Let’s Break It, Then Fix It

Being successful at sales is not about blending in. Blending in is good for maintaining status quo. Status quo is counter-productive to meeting new business goals.

Leaders are made, not born. Leaders just keep putting one foot in front of other. They move toward challenge. They ask hard questions. They do this methodically, maintain long term focus and know that success can be the result of many small steps, repeated consistently over time.

Thank you to Scot Harris for sharing The Five Cognitive Distortions of People Who Get Stuff Done. Read more here: http://tinyurl.com/ku7x7k4 That’s where I learned about Schumpeterianism.

Schumpeterianism is described as “creative destruction” and might otherwise be known as disruptive innovation. Schumpeterians see creative destruction as natural, necessary and as a vocation. This person is described as fearless with a high tolerance for destruction and pain. The downside risk of this quality is potential heartless ambition or even alienation.

Sometimes things need to be broken. Sometimes things have been done the same way for so long, habit crystallizes and obscures the ability to see dysfunction.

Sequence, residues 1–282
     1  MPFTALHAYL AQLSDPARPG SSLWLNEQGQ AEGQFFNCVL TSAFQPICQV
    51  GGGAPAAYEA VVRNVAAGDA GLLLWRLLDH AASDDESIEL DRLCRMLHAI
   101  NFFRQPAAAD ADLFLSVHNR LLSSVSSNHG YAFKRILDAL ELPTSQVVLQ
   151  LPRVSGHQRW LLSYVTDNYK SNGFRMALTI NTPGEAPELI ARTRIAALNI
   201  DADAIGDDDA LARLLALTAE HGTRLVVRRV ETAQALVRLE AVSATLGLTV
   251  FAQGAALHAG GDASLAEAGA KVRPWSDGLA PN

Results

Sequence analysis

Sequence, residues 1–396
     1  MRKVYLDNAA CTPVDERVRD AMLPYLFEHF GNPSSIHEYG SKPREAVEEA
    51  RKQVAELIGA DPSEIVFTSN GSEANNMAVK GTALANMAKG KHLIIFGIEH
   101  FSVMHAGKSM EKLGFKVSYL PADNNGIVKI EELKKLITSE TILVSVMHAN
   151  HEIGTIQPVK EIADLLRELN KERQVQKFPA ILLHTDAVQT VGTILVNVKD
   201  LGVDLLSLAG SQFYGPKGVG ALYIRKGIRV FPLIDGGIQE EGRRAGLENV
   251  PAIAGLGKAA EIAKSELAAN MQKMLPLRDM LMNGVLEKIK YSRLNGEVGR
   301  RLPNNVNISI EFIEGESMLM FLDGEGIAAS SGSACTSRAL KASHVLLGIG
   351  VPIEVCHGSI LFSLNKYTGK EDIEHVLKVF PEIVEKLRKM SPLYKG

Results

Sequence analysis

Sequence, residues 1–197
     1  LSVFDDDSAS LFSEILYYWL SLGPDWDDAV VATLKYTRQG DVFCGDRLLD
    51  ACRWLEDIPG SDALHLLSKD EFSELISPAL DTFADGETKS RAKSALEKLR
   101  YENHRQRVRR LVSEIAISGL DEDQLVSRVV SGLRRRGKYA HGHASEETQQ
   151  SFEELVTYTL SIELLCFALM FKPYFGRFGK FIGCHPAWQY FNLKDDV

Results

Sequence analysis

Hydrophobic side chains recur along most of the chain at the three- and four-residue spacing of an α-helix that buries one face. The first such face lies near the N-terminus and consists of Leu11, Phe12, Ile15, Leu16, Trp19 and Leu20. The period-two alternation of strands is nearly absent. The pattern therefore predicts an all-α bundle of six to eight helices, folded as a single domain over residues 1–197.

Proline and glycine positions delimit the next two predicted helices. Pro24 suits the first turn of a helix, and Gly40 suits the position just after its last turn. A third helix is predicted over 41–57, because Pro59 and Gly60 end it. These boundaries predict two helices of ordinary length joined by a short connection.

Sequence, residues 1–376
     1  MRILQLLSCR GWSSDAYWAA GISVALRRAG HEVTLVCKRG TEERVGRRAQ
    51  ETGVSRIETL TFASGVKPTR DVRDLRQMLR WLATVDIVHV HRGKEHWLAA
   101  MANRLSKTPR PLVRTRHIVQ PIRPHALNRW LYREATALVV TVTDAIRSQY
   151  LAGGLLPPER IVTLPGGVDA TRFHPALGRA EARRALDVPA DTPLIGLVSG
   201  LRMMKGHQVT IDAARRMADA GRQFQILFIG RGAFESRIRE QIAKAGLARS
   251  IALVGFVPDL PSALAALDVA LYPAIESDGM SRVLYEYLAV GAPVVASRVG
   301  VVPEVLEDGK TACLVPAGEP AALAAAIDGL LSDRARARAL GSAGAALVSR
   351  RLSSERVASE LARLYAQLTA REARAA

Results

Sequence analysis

Consider Weight Watchers point system. You eat, then you deduct points from an allotment. I actually favor a system which earns points for every delicious and fattening food that I DECLINE. I am motivated by accumulating points, not by subtracting them.

It’s always important to remember, however, when systems are comprised of people, change is scary. New ideas can be threatening to an established system. So if you want change, and the ability to execute lies in the hands of a team, the change must come with heavy doses of patience, care and an abundance of communication.


About Melanie M. Morris
Broker of Trust and Authenticity I'm really a sales executive, but I'd rather identify with these ideals rather than to simply say...I'm a seller.

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